Ellwood Manor

Historic Ellwood



Ellwood Manor, a circa 1790 home located on the Wilderness Battlefield in the Virginia counties of Spotsylvania and Orange, is significant to the nation because of the role the house and grounds played during the American Civil War. Much of the Battle of the Wilderness was fought on the plantation itself.



Built by Tidewater Virginia native, William Jones, in the late 18th century, Ellwood Manor was host to his colleagues, family, and friends. These included James Madison, James Monroe, “Lighthorse” Harry Lee, and the Marquis de Lafayette. Jones’s daughter, Betty, inherited the 5,000-acre plantation in 1847.



It was his wish that her children would in turn become Ellwood’s owners. Betty married J. Horace Lacy in the house on October 19, 1848. With the exception of the Civil War years, the Lacys resided at Ellwood until 1896, when they retired to a smaller home on Washington Avenue in Fredericksburg.


1863 & 1864

Within a year’s span two flags flew over the house: the Confederate Hospital flag and the blue swallowtail flag of the U.S. Army of the Potomac’s Fifth Corps. In 1863, it served as a Confederate recovery hospital for six months following the Battle of Chancellorsville. The family cemetery became the burial site for General Thomas J. “Stonewall” Jackson’s amputated left arm. One year later Union General Gouverneur K. Warren set up his headquarters in the parlor there. Generals Robert E. Lee and Ulysses S. Grant were at the house in 1863 and 1864, respectively. Plan your visit.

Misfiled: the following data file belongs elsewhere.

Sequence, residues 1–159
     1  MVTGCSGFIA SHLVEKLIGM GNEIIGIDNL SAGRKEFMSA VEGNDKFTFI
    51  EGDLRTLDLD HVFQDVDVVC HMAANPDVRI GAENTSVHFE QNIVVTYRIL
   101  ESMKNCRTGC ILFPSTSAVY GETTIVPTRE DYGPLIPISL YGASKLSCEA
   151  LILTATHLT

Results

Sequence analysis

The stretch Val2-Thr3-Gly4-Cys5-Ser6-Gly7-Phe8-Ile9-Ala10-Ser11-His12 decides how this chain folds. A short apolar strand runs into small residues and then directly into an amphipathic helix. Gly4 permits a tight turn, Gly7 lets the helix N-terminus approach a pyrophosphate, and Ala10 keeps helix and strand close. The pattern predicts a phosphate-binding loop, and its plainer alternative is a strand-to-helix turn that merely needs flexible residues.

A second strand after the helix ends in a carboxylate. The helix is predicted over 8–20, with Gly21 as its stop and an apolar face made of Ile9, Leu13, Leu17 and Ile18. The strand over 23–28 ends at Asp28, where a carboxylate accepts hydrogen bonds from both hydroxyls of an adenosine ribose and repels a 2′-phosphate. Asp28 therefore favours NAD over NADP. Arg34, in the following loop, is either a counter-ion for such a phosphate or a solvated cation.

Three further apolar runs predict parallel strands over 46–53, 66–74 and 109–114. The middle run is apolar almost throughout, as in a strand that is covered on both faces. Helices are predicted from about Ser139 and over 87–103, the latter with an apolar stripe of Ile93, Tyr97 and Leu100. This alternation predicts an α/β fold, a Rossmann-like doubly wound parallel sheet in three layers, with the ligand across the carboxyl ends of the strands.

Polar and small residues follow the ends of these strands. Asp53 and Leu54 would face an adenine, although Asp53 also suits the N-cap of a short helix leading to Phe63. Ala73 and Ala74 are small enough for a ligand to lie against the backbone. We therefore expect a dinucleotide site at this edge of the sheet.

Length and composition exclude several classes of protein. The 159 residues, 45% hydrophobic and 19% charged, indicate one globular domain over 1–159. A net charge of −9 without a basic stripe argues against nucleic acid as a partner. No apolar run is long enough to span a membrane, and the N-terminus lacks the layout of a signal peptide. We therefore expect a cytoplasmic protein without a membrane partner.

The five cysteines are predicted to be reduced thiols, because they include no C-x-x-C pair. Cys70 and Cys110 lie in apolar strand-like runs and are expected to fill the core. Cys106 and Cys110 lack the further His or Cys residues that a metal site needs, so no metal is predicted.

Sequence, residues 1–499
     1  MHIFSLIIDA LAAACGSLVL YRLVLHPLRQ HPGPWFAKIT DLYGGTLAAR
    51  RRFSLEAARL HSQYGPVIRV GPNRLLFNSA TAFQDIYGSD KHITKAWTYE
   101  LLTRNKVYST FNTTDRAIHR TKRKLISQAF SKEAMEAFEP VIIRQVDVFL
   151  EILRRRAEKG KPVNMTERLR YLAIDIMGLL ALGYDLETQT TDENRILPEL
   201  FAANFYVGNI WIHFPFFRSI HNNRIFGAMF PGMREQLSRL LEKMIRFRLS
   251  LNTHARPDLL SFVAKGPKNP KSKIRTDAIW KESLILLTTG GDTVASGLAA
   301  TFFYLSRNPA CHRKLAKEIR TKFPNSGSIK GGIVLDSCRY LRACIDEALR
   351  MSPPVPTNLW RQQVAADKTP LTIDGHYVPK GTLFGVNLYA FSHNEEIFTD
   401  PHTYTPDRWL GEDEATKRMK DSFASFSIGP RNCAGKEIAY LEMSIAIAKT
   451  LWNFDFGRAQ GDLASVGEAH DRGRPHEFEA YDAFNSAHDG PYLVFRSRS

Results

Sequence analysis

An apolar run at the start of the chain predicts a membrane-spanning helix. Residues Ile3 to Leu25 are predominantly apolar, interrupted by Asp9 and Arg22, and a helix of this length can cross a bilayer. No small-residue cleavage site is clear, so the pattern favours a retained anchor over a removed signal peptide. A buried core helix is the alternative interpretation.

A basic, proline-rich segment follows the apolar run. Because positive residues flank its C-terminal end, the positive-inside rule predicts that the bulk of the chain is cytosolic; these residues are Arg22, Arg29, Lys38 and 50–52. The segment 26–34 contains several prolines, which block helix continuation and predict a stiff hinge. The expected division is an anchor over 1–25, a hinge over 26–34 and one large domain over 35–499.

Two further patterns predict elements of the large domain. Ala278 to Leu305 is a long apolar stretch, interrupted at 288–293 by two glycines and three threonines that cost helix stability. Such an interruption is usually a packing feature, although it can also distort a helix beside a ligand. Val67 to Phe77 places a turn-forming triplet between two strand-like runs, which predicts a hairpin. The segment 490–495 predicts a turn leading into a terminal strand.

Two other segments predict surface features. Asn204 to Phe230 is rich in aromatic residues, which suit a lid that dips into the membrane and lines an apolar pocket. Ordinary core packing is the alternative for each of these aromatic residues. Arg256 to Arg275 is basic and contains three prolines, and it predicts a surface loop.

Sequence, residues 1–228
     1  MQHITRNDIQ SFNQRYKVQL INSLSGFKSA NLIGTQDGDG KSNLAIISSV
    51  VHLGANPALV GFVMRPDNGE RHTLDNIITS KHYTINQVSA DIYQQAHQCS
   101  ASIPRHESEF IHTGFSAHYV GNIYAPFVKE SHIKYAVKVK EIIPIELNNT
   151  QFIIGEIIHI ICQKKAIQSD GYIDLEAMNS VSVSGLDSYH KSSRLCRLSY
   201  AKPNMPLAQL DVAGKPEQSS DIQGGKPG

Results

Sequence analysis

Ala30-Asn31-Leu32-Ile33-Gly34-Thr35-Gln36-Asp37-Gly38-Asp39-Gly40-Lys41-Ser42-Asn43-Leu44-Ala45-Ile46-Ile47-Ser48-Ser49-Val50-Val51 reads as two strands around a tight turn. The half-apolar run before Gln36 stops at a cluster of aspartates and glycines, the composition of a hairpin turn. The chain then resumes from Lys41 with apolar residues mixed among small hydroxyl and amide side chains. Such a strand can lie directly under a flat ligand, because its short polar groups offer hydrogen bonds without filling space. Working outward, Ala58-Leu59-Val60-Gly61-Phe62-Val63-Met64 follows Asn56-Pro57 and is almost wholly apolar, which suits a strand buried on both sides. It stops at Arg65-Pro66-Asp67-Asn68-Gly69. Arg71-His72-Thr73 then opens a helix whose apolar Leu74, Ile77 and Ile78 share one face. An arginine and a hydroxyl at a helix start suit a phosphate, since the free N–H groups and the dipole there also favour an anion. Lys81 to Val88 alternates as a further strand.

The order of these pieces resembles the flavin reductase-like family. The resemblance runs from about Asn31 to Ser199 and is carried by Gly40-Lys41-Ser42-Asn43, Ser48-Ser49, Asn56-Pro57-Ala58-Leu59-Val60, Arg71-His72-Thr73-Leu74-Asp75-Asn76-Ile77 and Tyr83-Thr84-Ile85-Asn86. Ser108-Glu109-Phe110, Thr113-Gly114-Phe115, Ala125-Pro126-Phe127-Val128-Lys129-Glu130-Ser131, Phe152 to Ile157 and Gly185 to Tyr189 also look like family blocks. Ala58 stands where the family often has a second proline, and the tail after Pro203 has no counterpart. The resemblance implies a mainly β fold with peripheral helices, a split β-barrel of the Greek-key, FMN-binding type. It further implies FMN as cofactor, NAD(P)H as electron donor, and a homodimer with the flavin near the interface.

In 1907, at the deaths of their parents, the eight Lacy children decided to sell the remaining 1,530 acres to the Willis-Jones family, who farmed and called it home for seventy years. Ellwood’s second family had roots in Massachusetts, Vermont, and South Dakota. 



Through purchase and donation, the Fredericksburg and Spotsylvania National Military Park (FRSP) acquired Ellwood in 1971 from Gordon W. Jones, MD, of Fredericksburg.



Previously Dr. Jones had sold all but the most historic portion of the property. FRSP took possession of the house and 183 acres in 1977, at the death of Dr. Jones’s father, the last resident.

Upon transfer of the house to the people of the United States, the long and arduous process of restoration commenced. Learn more about the restoration